Most Christians believe being theologically wrong is dangerous. And it is frightening when we realize that we cannot trust our spiritual instincts, our feelings or judgements.

So then, if we know we do not possess perfect theology and we are not able to precisely identify where we are wrong at any given minute. Why do we, as Christians, live as if we are correct in our theology?
God Knows We’re Wrong

None of this comes as a shock to God. He didn’t abandon us to a do-it-yourself morality. He didn’t implant perfect theology into us and we grow into it with prayer and study. And as many times as we write and say the contrary, we really do have a deep apprehension that there is a theology test to get into heaven. There are some, even if few, essentials of faith.
God created mankind with a sense of wonder. We innately grasp that we don’t know it all and we have to go outside ourselves to search for truth. We are to be students, not formulators or judges of truth. Within our hearts truth does not spring! It originates outside ourselves in Him. Sin has caused us to struggle and search for wisdom.
Humans will never educate themselves enough, sincerely pray enough, or even be filled with the Holy Spirit enough to be infallible in their beliefs. 
To Err is Human
Many Christians are thinking, “Hey I have the Bible and the Holy Spirit; that is all I need.” However, even then you know deep down inside that your beliefs develop over time and that at any given point your theology is imperfect.
To live with the stifling confinement that we know all truth or will discover all truth via our own hearts and minds (or even our personal Biblical interpretation) is not really faith. And it really is a burdensome responsibility that we were never meant to carry. God is truth and He sends it to us so we don’t have to figure it out.
Umbilicus Urbis

Imagine, for a moment if you will, a fountain flowing deep and wide. This fountain is truth and you may come freely and drink from her. It doesn’t matter your age, your IQ, your amount of faith, your education, your spiritual maturity... nothing. The only thing you need is obedience to Christ. What if truth were really that simple?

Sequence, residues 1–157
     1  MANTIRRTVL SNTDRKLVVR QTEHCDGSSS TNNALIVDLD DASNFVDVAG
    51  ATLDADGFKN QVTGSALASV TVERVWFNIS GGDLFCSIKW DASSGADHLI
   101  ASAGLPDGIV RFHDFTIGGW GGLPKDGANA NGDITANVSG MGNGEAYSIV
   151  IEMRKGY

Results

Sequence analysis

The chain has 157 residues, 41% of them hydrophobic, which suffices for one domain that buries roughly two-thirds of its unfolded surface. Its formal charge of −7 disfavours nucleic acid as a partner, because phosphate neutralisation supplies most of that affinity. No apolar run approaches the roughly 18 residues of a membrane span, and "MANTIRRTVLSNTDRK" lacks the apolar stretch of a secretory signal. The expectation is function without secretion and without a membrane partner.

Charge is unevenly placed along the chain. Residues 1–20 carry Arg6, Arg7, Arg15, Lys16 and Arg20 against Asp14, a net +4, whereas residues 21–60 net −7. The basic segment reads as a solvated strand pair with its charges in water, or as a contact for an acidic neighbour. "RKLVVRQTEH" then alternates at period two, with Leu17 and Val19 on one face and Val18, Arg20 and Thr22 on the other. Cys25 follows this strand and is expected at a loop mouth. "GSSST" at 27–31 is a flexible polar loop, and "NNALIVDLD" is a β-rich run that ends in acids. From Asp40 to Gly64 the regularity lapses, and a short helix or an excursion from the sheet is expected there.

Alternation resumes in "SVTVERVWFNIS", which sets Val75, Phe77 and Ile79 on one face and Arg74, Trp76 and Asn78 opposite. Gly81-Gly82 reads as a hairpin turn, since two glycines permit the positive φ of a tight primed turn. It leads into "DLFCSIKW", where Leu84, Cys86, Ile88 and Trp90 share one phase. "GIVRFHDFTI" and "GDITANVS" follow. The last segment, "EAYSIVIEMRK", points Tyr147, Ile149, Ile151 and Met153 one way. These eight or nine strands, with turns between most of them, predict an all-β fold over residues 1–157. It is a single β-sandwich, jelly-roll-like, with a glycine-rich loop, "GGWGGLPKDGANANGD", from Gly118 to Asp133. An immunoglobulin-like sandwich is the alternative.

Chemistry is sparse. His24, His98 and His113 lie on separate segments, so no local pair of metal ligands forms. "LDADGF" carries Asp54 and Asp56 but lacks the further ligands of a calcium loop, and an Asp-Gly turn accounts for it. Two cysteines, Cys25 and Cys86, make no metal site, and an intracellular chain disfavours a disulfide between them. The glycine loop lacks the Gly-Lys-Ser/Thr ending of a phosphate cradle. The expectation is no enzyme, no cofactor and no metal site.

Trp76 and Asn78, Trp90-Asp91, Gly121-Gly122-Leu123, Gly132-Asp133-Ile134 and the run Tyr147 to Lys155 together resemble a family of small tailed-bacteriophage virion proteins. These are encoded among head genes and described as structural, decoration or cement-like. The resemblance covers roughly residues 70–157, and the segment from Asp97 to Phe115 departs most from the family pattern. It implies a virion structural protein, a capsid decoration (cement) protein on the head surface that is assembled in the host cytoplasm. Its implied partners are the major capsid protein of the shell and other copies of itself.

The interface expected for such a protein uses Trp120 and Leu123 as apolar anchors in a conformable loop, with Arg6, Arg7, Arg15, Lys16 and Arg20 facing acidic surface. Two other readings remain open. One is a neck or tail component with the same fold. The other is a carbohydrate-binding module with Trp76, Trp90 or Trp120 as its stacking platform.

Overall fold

What if Christ gave us a place where we could go to get guaranteed, absolute truth? Wouldn’t that just be lovely? No more arguments, debates. We would be absolutely unified in our hearts, minds and faith. A Christian Utopia of peace and tranquility (on the theological battlefield anyway.) So... simple. We could then spend our time doing the will of God and loving our neighbor instead of always having to discover anew what truth is.

That would be so.... so... like God. This place of truth would have to have the Bible, of course. Then they would have to have the right interpretation of the Bible, they would have to be filled with the Holy Spirit and not be dependent upon one person’s opinion. Maybe they wouldn’t have to be perfect, only guard the perfect truth. Yes, that’s it--they would be perfect guardians of God’s truth. Man, that would be so exquisite. Imagine if it were a church, an ancient church, that goes back all the way to Christ and His Apostles....

Boy, some people who hold independence and rights as highest values wouldn’t like it at all. They wouldn’t like to submit to someone or something else for truth. It would certainly get attacked both without and within by dark, satanic forces.

Thanks to Kathryn Schulz, “On Being Wrong.”